The third kind of disagreement is one where the issue at stake is so fundamental to our core values that we cannot agree to disagree. We cannot “agree to disagree” on things that are just WRONG. Here the stand isn’t LEFT or RIGHT but from our deep, lived, moral faith experience. This is not about chocolate or vanilla – but right and wrong on how we love and respect people.


This is where we have found ourselves as a denomination. We’ve been working at the issue of inclusion of our LGBTQI siblings since the 1970s and there is a group in our church that want to take a stand that others of us believe is just wrong. For most of the churches and Methodists in The United States, we cannot remain in a denomination where the fundamental worth of our LGBTQI siblings is denied. And the stand taken by just barely a majority of the Special Session of General Conference is that they cannot tolerate those of us who believe in the fundamental worth of our LGBTQI siblings. And so we must part – how, when and other details are yet to be determined – but this is one that we cannot live together in the disagreement.


For many of us, the bottom line here is that we choose to FOLLOW Jesus, not just preach the Bible. We want to live in congruence with Jesus, and love each other in Christian community – all of us together.


WILL WILLIMON. Retired Bishop Will Willimon told a story about a men’s prayer breakfast and their conversation on gun control. About half of the people there believed that the only thing that would stop a bad person with a gun was a good person with a gun. The other half believed that we live in a violent society and we spread violence – that guns should be restricted and better licensed. Both opinions were expressed based on self-defense arguments. They asked for Bishop Willimon’s opinion on the subject. He said that he found it interesting that half of the people there thought a good person with a gun was the answer – when they were largely Presbyterian and didn’t really believe that there ARE any good people. But before he could say anything else, a man asked, “Are there any examples of self-defense in the Bible?” Willimon let the question sink in before saying that “No” he couldn’t think of any. We as a church keep being challenged by the text of the Bible – that God lived as a Jewish man who lived non-violently, died violently and without any self-defense, rose from the dead unexpectedly – and then went back to the same people who put him to death in the first place. And THEN he told his disciples to do the SAME THING. No – there’s nothing on self-defense in the Bible. [i]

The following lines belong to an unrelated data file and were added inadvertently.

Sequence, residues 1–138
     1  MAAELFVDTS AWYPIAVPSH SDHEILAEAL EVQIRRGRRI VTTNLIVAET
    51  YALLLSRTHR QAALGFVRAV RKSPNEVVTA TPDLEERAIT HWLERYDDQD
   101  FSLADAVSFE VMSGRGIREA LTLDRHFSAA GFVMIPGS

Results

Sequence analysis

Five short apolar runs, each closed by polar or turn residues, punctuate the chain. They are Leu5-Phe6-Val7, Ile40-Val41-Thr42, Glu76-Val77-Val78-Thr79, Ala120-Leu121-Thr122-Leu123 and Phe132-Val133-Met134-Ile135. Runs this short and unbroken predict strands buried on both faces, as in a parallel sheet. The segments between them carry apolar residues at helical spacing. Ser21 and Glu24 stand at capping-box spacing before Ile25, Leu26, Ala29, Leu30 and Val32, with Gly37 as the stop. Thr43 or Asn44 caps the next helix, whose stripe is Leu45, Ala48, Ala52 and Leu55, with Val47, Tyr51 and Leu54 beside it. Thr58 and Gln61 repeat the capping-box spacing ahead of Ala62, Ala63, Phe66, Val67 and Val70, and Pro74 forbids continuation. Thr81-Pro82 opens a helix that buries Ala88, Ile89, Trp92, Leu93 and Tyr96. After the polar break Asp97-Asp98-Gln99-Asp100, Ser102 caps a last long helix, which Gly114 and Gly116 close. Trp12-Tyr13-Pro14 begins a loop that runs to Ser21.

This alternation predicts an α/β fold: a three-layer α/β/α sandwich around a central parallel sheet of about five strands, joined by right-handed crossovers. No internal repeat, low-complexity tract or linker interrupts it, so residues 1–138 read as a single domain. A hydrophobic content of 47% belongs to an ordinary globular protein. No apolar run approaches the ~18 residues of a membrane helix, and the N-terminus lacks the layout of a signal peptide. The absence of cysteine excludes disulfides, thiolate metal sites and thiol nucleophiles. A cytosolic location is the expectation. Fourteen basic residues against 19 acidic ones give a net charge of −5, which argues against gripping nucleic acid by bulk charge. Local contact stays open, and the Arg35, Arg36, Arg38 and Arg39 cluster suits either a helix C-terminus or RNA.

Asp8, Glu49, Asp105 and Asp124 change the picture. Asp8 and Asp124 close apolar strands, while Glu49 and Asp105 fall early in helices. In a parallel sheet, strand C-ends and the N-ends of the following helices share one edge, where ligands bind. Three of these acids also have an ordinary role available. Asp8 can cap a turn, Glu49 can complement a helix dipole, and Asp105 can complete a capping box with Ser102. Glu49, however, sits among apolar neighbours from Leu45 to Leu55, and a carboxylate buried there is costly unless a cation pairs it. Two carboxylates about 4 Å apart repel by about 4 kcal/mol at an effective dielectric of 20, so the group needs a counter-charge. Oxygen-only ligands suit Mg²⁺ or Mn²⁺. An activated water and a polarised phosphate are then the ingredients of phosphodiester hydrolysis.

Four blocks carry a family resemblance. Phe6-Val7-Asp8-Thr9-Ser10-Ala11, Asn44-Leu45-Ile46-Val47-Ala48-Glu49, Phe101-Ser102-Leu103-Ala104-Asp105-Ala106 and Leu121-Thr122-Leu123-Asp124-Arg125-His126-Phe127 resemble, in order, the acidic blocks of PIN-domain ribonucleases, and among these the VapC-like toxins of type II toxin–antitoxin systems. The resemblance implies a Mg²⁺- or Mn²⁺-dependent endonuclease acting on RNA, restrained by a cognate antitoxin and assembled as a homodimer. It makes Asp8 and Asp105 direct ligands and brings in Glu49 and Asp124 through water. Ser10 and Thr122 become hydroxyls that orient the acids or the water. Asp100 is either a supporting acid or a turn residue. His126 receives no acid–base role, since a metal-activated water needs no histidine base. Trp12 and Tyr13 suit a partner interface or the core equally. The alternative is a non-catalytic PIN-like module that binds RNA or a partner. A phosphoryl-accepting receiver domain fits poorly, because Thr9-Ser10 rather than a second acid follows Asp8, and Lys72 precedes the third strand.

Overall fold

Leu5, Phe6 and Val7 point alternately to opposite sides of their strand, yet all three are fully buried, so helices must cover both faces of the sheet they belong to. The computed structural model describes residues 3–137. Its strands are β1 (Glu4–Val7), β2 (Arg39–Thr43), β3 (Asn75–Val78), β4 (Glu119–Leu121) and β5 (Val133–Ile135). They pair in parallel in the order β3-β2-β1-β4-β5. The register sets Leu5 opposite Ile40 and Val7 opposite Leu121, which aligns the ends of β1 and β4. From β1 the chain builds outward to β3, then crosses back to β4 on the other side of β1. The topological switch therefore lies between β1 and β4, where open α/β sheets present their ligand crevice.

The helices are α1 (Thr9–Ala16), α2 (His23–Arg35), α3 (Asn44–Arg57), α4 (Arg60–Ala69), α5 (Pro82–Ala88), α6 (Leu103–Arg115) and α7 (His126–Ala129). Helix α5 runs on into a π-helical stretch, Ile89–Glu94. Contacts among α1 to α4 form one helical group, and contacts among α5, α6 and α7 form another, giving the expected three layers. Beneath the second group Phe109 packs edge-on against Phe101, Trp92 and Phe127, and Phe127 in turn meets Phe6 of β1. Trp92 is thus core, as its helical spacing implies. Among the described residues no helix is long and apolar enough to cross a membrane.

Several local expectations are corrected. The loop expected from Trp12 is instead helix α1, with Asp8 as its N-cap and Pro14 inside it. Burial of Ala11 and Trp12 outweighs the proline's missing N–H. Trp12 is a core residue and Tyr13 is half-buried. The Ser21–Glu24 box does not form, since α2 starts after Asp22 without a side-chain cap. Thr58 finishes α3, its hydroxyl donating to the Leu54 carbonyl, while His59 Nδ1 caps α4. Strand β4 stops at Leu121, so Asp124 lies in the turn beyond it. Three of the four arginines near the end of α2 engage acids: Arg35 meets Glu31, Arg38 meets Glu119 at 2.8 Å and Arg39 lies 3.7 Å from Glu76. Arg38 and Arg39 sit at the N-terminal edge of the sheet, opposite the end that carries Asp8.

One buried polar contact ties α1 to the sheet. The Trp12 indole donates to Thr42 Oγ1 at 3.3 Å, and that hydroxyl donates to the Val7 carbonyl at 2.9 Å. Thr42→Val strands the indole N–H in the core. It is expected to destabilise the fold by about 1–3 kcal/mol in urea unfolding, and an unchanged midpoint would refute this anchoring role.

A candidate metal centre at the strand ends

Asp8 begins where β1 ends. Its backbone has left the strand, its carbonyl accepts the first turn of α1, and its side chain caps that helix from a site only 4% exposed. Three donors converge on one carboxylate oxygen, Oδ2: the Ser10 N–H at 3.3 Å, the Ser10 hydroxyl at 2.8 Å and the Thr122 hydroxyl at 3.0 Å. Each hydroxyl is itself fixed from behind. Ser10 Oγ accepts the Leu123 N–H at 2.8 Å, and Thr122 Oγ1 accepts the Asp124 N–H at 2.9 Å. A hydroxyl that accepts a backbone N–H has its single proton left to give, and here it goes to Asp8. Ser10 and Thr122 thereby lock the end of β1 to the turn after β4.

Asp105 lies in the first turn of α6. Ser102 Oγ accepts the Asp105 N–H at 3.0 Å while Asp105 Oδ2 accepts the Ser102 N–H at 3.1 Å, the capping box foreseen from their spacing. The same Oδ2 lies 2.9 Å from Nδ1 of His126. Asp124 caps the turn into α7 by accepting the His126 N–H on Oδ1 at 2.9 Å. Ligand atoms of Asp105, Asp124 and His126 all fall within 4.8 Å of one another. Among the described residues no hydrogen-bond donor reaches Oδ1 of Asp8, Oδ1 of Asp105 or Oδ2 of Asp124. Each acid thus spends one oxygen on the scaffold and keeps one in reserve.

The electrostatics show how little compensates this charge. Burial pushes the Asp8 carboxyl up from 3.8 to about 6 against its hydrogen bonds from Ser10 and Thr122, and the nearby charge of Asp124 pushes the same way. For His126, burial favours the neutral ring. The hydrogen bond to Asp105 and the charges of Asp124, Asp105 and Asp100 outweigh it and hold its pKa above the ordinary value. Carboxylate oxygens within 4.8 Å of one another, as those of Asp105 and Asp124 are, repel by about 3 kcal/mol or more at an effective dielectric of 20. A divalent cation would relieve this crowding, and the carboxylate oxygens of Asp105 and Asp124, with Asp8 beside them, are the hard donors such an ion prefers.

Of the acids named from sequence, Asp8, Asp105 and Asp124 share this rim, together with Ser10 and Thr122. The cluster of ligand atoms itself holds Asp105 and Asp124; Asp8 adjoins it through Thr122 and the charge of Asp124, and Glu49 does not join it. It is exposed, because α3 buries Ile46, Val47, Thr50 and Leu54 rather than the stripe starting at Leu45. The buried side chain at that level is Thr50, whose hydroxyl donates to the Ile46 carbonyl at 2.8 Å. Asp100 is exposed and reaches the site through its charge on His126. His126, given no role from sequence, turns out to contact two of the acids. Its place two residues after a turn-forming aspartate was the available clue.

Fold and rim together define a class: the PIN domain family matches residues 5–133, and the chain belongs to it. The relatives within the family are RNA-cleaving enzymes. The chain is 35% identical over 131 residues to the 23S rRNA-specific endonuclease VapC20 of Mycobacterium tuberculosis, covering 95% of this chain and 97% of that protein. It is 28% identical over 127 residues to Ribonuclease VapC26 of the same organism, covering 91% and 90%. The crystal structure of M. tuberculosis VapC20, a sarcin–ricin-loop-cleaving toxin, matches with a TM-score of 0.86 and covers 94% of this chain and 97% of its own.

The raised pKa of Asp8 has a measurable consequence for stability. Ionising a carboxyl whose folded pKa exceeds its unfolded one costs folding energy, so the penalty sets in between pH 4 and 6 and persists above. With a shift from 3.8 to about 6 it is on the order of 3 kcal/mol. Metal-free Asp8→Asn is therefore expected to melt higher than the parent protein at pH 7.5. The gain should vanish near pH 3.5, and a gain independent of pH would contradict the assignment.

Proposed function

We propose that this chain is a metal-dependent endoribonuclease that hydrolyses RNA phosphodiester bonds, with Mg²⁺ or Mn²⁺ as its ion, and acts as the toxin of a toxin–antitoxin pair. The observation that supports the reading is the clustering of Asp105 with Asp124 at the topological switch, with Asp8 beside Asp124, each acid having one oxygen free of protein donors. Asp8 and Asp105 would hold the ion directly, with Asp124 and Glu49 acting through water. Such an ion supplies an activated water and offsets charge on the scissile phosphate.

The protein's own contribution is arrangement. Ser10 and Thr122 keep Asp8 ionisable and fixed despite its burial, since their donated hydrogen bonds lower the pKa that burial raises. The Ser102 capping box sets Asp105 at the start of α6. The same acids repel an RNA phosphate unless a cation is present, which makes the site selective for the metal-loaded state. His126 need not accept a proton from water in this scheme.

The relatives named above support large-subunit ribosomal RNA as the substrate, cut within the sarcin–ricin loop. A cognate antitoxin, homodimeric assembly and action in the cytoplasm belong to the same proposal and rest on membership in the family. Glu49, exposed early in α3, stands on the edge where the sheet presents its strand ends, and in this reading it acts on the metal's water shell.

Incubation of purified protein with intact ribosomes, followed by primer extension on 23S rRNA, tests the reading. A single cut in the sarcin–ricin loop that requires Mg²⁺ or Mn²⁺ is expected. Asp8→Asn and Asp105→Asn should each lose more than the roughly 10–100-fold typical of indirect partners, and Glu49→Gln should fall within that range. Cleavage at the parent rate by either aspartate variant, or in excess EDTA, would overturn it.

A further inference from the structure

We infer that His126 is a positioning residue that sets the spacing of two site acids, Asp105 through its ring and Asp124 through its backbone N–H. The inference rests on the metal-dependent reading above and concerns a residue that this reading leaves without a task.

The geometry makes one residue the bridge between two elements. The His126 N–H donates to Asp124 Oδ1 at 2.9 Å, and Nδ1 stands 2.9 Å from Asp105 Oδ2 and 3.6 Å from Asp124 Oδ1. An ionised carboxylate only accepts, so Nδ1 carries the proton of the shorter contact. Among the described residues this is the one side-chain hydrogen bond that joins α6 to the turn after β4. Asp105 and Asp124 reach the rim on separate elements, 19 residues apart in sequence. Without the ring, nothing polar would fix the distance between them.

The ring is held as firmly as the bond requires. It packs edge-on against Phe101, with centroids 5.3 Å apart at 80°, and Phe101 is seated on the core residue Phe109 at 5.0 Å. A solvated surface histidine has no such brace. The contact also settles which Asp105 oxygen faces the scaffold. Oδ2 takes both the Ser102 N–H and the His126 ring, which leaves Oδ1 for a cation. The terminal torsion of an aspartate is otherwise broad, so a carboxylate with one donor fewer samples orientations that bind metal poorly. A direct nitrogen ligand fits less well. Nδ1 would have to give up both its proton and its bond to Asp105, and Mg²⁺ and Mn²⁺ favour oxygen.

St. Paul wouldn’t have suggested that we “agree to disagree” on foundational issues of faith – remember this is the most jailed apostle. He couldn’t let things go if they were wrong. I think his advice probably had to do with general contentiousness – or arguments over details like how to evangelize or who baptized you – the “who’s the greatest” kind of argument that distracts from who we are and what we are called to do.


When we cannot “agree to disagree” things are challenging. The Bible doesn’t provide us with easy answers on contemporary issues – but it does contain foundational ideas that push us: self-sacrifice, the worth of every human being, forgiveness, living based on God’s morals not cultural expectations…and it isn’t convenient at all. Our disagreements and divisions are real. And hard. AND That’s where we are.


God’s upside-down kingdom of reversals and valuing those we mostly ignore – those who live on the margins instead of front and center and right out loud – that doesn’t feel comfortable. And we’d like easy answers about where we have divisions and disagreements. But we don’t get easy answers about those either. The best we get is that if we take things down to the moral level -- what’s right and what’s wrong – that some of the policies shake out. Some of our arguments evaporate in the sunlight of God’s love for all people. Other arguments take root and grow when exposed to the light of God’s love. When we find ourselves in those areas of profound disagreement, perhaps this could help:

What would it look like if we put Jesus in the middle of the argument? Where would a crucified God stand?


And how can we best love each other, even when there is unbridgeable difference of opinion?

May we keep asking the right questions – whether or not we find answers. AMEN.

[i] Lecture by Bishop Will Willimon at the Festival of Homiletics.

Photo by Chris Liverani on Unsplash